The Golden Triangle project is the main project of this conference – this aims to create new industrial and mining projects in 6,000 sqkm extending from the Red Sea cities of Safaga and Al-Qusayr to Eastern Qena in Upper Egypt. The Italian consultancy D’Appolonia Company, which has prepared a study and master plan, has confirmed that by October it will provide the main lines of the project, including industrial projects in the region. Besides this, mining, agricultural and tourism projects can take place in that region.
What’s new in the automotive industry strategy? When it will be issued?
The delay is due to careful and in-depth consideration in partnership with the Ministry of Finance. The strategic plan has been completed, but there are two stages which are currently in progress. First is defining the rates and figures of the strategy, and the second stage is transferring the strategy into law in the next phase. The independent law of the automotive industry , will include incentives will be awarded for manufactures that will achieve the goals of increasing the production, exports increase in percentage will be determined by the law, and increase the local component, which also will be determined. The law will be submitted to the ministerial group in September to be discussed and then submitted to the cabinet and after that will be submitted to the President of the Republic.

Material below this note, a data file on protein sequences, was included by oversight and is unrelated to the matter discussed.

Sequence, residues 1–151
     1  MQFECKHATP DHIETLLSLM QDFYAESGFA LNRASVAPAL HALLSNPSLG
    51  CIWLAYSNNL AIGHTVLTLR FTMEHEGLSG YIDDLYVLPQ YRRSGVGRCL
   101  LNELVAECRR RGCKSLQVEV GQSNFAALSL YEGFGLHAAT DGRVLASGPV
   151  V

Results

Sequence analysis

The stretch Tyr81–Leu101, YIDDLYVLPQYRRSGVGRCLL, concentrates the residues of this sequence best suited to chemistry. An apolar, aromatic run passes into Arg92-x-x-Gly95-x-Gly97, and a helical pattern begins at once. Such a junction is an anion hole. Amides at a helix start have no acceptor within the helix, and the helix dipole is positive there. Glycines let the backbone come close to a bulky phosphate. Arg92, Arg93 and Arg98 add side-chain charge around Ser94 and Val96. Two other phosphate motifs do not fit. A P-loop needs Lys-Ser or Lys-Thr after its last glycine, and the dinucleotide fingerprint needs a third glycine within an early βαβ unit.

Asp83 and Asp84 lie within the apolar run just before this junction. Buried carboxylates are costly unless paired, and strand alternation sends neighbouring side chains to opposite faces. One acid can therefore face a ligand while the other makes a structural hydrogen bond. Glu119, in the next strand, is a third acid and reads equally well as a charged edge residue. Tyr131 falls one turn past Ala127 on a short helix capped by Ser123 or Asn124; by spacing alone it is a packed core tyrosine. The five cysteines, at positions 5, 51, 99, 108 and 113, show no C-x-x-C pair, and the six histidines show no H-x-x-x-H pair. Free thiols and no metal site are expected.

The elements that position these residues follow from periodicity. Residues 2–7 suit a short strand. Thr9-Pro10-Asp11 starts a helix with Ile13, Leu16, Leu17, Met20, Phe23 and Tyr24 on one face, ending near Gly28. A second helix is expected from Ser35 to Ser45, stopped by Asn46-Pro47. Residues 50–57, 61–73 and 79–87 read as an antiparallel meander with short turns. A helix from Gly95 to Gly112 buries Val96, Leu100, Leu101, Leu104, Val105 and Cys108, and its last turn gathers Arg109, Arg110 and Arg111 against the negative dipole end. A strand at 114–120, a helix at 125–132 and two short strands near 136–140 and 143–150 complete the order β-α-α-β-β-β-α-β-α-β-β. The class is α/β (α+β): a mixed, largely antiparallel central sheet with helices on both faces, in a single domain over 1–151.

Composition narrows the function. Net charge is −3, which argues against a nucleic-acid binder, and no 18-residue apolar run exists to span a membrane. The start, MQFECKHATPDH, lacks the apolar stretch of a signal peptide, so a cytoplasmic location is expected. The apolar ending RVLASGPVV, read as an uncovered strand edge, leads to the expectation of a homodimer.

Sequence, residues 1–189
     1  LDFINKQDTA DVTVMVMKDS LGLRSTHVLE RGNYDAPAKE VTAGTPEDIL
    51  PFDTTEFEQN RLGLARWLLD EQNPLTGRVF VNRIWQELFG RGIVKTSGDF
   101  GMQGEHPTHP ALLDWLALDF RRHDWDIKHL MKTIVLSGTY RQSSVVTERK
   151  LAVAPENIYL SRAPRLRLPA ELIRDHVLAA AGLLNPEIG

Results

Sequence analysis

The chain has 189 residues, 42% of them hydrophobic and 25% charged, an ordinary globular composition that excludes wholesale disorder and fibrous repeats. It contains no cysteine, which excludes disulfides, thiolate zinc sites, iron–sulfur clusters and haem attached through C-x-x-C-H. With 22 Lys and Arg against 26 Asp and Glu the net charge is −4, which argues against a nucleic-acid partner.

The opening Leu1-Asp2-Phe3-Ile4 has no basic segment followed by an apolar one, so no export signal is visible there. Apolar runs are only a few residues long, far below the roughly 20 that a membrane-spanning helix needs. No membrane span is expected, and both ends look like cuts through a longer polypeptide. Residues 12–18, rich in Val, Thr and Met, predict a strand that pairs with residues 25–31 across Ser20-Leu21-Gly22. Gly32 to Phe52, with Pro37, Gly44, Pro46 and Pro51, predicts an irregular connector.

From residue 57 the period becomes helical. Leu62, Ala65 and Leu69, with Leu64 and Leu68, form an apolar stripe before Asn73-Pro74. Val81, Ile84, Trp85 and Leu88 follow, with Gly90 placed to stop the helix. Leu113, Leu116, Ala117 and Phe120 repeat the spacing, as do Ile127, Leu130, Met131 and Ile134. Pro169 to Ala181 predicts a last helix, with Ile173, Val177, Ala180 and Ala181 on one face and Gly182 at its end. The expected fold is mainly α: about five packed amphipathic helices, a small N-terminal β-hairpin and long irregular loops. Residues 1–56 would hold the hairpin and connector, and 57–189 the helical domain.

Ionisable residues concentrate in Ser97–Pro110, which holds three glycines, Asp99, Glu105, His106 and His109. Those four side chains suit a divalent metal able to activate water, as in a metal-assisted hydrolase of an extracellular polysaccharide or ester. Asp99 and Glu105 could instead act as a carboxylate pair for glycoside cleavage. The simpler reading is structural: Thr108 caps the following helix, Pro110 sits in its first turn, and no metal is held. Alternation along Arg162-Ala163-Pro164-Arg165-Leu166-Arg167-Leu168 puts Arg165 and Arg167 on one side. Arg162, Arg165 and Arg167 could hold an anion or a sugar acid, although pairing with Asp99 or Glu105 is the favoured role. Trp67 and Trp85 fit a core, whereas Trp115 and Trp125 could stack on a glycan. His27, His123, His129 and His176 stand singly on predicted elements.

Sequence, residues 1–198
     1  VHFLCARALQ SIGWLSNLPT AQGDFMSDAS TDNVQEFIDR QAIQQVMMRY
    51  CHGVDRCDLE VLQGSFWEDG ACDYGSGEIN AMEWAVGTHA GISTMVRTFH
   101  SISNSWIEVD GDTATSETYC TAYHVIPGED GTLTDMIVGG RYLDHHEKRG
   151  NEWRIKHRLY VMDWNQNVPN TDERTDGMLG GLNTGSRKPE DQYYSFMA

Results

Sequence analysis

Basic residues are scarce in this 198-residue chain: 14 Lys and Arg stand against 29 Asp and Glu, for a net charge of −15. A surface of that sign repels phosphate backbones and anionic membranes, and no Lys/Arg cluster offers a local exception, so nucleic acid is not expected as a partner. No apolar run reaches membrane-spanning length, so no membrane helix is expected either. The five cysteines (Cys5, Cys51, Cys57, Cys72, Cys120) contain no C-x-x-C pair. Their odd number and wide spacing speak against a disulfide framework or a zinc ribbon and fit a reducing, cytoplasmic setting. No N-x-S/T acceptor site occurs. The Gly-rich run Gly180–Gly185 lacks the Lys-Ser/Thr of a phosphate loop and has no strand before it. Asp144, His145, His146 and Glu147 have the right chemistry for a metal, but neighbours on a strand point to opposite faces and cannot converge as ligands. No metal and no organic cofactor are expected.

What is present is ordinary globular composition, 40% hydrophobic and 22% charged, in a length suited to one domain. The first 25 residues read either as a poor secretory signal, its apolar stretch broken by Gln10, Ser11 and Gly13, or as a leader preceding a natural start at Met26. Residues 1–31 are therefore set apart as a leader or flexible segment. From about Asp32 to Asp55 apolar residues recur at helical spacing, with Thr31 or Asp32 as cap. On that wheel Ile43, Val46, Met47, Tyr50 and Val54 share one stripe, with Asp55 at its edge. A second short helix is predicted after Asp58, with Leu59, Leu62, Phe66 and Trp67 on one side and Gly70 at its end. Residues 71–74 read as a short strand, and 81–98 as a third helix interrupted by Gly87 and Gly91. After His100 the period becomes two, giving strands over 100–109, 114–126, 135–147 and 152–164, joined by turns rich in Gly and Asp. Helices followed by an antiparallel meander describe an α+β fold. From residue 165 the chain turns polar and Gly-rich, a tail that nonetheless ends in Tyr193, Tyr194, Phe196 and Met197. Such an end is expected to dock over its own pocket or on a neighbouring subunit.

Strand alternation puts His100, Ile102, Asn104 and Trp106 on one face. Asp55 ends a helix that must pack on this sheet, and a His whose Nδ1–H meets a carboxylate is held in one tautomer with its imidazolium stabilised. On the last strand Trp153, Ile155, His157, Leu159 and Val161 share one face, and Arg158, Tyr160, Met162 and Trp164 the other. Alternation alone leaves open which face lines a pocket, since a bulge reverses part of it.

Are there talks about the new mechanism replacing the CIQ certificate?
The CIQ has been cancelled, and the new mechanism matches imported goods to the Egyptian or international standards, and we will firmly deal with shoddy goods, which have swept through the Egyptian market and negatively weighed on the trade balance and negatively affected the consumer’s interest.
Is there a crisis in the cement supply?
Currently, we don’t have shortage in the cement supply. It is sufficient as the Armed Forces have built three new cement production lines. However, the problem is based on the licence conditions. The government is still studying the conditions of cement licences, but there has been no result so far.Will the government impose new taxes on some goods?
The government will issue the value added tax (VAT) law in the next week, after having submitted it to the Ministerial Economic Group and then having submitted it to the prime minister [Ibrahim Mehleb]. The law is ready and the ministerial group will meet every day until the completion of the small details of the law proposal. It is a difficult law, but it is important.
Will the issue of freezing assets belonging to Juhayna owner Safwan Thabet and referring Oriental Weavers owner Mohamed Farid Khamis to the prosecution on charges of monopoly, affect the flow of investments in the Egyptian market?